British scientists studied the effect of method of vegetable oil blend application, either sprayed onto or incorporated within pelleted diets, on the performance and digestibility of dietary components in finishing pigs.
A secondary aim of the study was to evaluate the source of energy, i.e. starch vs oil on pig performance and the coefficient of total tract apparent digestibility (CTTAD).
Diets were formulated from either by-products (maize gluten, maize gluten feed, pollards and rapeseed) or cereals (barley and wheat) to which vegetable oil was added (g/kg) in two different ways: 40 incorporated within the pellets (IN) or 30 sprayed onto the pellets (SP) + 10 (IN).
In study 1, 48 Large White × Landrace pigs (average weight 50.4 kg) on a research herd were used to determine CTTAD of dry matter (DM), crude protein (CP), neutral detergent fibre (NDF), lipid, energy and phosphorus and digestible energy (DE) content.
In study 2, 960 Landrace × Large White pigs on a commercial herd, housed in groups of 20 from 14 to 24 weeks of age, were used to assess production performance and carcass characteristics.
Oil addition increased the CTTAD of lipid and phosphorus and decreased phosphorus excretion in both by-product-based and wheat/barley-based diets.
The total amount of nitrogen excreted also decreased when oil was added to the wheat/barley-based diets but not the by-product-based diets.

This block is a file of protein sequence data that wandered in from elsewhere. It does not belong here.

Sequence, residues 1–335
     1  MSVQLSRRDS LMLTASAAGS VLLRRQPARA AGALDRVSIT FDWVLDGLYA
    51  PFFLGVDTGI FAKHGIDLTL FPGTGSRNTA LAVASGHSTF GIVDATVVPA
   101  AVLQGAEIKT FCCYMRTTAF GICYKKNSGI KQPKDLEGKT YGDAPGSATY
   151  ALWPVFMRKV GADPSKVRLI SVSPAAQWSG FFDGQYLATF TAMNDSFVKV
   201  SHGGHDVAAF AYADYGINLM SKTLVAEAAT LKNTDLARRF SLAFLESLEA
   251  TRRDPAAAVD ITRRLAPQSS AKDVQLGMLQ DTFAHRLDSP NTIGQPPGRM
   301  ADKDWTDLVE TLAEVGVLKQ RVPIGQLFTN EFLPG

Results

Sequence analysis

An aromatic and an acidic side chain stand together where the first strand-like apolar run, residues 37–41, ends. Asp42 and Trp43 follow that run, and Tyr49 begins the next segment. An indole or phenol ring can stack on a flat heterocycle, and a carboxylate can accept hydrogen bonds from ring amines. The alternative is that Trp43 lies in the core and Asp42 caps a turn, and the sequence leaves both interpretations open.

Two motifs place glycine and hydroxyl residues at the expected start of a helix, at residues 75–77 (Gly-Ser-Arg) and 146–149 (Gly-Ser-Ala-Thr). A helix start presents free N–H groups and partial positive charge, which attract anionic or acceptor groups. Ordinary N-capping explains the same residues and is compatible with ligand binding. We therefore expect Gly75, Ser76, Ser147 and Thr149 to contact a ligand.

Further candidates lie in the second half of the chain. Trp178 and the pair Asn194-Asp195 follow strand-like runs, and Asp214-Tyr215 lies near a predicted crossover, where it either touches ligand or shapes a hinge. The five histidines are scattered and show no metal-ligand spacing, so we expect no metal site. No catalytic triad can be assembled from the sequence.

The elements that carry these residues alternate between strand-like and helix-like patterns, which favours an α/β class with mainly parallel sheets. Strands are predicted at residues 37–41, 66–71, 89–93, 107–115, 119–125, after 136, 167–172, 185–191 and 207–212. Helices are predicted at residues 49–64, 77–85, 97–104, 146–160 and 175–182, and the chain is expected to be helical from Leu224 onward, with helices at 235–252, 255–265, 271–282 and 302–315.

The CTTAD, except for lipid CTTAD, and pig performance were similar whether oil was added by 40-IN or 10-IN + 30 SP.
Lipid CTTAD of by-product-based diets increased when oil was added by 10-IN + 30-SP compared with 40-IN.
The addition of oil to by-product-based and wheat/barley-based diets improved the DE content of the diets on a DM basis by on average 0.6 and 0.85 MJ/kg DM, respectively in study 1 and FCR by on average 0.18 and 0.19 kg/kg, respectively in study 2.
Pigs offered wheat/barley-based diets had higher DM CTTAD in study 1 and higher growth rates, finish weights and carcass weights in study 2 compared with by-product-based diets.
The excretion of nitrogen from wheat/barley-based diets was lower than from by-product-based diets.
In conclusion, the performance of pigs was better when they were offered wheat/barley-based diets.
Oil addition improved FCR with both wheat/barley-based and by-product-based diets but the method of oil application had no significant effect on pig performance or the CTTAD of the diet.